The Challenges of Being Woman: 2020
Fareeha Usman, founder of Being Woman, reflects on how the organisation dealt with such an extraordinary and unexpected year.
2020 has challenged us all in so many ways. It’s incredible to think just how much has changed.
The year started as normal. We asked our staff to prioritise the reskilling and wellbeing of their teams, and everyone in the organisation was prepared and motivated.
We’d designed and planned lots of projects that were ready to roll out, and we knew we could move forward in leaps and bounds with all the exciting steps we were about to take.
And then….Coronavirus hit the UK. The spread of the virus was unpredictable, so we had to respond in an agile and focused way.
Our board met and discussed how to best protect our employees, serve users, and keep the organisation on even ground. It required a quick change in strategy, a lot of patience, critical and rational thinking, but most importantly the strong belief we’d be able to get through it and survive.
We overcame the obstacles by creating strong relationships, being realistic about how we could use technology efficiently, and by staying connected to our stakeholders.
By the time staff were allowed to come back to the office, we tried to keep things as familiar as possible while respecting the safety guidelines. We installed a hand sanitizer kiosk and put up “keep a safe distance” boards everywhere. Staff are now required to wear masks and stand six feet away from each other.
From a service viewpoint, we moved our ESOL and digital skills classes online and supported the learners with the City & Guilds Online Basic Qualification. We worked hard to make sure all our service users – who are predominantly women – could pass with perfect scores.
With the help of Good Things Foundation, we were able to distribute data and devices to the people who needed it the most, changing the quality of lives for so many and allowing them to have the support they needed.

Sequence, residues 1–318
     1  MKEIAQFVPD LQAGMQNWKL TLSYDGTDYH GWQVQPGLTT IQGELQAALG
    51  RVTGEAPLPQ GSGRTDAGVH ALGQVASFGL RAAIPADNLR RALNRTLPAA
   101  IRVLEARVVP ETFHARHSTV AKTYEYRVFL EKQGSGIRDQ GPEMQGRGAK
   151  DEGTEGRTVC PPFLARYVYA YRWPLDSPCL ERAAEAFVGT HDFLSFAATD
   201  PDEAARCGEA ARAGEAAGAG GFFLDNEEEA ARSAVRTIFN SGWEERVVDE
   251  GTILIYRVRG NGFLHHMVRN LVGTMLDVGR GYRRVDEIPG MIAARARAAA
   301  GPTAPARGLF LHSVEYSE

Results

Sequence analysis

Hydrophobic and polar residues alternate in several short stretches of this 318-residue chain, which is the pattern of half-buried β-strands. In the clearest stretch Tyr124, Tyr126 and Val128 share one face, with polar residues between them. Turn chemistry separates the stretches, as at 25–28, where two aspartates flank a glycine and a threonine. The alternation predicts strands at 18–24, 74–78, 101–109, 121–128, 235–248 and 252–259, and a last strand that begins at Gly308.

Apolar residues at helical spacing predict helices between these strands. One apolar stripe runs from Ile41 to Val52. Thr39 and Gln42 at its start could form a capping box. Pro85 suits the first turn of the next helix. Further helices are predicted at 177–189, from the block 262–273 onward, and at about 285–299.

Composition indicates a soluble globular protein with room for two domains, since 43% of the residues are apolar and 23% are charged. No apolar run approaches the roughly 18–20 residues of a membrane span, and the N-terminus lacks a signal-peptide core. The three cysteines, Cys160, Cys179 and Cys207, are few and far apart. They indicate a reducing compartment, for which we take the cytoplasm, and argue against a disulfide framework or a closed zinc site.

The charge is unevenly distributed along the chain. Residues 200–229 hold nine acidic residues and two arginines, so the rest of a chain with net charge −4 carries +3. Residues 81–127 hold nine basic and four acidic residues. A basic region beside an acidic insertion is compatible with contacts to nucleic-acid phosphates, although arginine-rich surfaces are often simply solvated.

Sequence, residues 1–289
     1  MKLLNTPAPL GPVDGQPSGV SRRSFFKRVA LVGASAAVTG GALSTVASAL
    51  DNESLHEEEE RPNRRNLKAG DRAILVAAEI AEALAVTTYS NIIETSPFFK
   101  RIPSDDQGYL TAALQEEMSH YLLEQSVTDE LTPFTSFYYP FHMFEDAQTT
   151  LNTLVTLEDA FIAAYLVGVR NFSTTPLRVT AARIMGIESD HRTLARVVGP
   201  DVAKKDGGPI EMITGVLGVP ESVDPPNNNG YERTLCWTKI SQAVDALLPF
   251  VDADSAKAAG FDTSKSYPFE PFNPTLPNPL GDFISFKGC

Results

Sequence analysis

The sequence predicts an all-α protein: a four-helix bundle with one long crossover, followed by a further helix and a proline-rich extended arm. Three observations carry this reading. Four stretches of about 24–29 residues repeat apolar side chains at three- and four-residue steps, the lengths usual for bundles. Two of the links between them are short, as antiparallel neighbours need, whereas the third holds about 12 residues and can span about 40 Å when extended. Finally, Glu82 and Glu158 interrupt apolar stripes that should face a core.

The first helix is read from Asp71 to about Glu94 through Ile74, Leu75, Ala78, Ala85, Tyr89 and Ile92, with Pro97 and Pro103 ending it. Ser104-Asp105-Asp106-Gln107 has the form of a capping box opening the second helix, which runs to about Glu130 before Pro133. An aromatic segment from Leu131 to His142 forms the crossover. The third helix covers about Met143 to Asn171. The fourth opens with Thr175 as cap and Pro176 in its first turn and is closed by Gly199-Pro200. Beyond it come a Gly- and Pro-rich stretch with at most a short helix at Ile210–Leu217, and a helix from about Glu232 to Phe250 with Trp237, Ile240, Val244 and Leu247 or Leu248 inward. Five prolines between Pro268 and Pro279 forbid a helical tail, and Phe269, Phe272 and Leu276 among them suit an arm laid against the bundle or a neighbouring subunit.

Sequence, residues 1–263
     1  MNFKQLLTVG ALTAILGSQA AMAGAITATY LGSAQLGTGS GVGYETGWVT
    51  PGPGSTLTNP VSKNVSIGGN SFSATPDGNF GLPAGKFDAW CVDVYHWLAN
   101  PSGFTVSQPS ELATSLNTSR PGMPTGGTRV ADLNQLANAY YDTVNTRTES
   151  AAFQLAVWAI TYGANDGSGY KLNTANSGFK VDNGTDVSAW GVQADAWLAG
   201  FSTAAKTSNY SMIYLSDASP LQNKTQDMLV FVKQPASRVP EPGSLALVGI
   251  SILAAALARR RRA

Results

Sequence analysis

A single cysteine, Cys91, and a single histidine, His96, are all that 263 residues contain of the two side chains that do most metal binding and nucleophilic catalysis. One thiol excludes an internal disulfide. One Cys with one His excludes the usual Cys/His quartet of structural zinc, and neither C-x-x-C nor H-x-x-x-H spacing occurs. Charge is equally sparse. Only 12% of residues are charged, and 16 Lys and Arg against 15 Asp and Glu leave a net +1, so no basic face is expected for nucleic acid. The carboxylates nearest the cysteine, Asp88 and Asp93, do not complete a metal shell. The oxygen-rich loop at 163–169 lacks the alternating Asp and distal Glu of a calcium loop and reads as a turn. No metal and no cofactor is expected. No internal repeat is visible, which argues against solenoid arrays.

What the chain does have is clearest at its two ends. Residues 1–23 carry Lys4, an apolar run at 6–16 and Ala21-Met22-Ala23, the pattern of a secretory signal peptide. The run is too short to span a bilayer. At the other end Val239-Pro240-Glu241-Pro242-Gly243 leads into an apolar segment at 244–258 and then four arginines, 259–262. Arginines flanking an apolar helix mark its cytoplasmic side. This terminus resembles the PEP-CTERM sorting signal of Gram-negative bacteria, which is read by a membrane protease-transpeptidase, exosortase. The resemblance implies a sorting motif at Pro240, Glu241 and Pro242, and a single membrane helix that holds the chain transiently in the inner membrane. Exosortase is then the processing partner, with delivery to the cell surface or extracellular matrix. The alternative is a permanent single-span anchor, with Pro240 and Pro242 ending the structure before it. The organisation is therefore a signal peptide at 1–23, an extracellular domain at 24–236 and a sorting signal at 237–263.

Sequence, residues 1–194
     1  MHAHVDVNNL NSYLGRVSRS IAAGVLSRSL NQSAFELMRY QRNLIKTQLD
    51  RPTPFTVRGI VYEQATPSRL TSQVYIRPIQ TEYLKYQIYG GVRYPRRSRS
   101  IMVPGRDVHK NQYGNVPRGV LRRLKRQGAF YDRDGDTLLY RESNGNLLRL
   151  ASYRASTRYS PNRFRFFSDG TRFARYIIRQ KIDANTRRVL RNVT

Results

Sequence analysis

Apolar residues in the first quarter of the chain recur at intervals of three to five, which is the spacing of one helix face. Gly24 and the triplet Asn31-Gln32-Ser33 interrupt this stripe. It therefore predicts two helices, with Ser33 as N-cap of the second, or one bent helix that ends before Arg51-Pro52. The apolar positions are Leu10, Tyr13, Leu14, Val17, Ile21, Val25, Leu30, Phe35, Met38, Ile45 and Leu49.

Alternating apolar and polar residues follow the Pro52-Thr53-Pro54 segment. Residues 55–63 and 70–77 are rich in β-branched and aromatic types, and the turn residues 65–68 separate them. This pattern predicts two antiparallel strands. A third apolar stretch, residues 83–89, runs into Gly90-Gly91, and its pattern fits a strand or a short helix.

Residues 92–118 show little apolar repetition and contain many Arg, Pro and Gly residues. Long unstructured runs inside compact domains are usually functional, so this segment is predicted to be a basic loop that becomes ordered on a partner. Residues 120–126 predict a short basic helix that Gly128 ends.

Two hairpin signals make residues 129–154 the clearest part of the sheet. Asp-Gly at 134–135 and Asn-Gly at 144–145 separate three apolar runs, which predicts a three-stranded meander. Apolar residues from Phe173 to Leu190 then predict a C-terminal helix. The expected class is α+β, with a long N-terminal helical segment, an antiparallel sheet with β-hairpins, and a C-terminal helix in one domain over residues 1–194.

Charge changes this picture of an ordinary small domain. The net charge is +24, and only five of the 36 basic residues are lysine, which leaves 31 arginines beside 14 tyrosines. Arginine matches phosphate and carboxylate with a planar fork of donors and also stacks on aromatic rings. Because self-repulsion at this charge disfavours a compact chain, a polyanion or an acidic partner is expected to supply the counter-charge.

Our service users found it extremely difficult to make ends meet and manage their mental health.
But the thing we are the most proud of is our free food delivery service that has now been converted into an app. Its development was supported by Good Things Foundation and we are extremely grateful. The app has had 4800 downloads worldwide already and has 1250 active users. We’re so proud of it!
We started a fitness and wellbeing project called “I Can and I Will”. Our trainer Olaronke Gbadebo gives physical activity lessons and guides learners on their nutrition and diet. Due to the second lockdown, we had to get these classes online quickly, and we’re now reaching a wider community and have had some fantastic feedback.
We’re planning to hold a fundraiser to produce ethical laptop sleeves, face masks, and small bags for our teams and funders.
And there’s a virtual event in the works to celebrate Christmas and start the new year with an even more positive approach.
When the government imposed the lockdowns, we weren’t sure how to pull off our plans or adapt. Our service users found it extremely difficult to make ends meet and manage their mental health. But we knew we had to be their support in times of need no matter what. Our team has put in a lot of effort to be operationally resilient. Looking at how we have managed to change and influence lives, we realise that all the effort was truly worth it.
None of this would have been possible without the support given to us by Good Things Foundation and all of our funders. Good Things Foundation has played such an important role in diversifying our remote delivery of digital skills. With the devices and data SIMs we’ve been able to support so many people to be digitally included. We would like to pay our sincerest gratitude to the entire team of Good Things Foundation for reaching out to local communities and supporting people to thrive in a digital world for a better tomorrow. Let’s all keep engaging and keep empowering!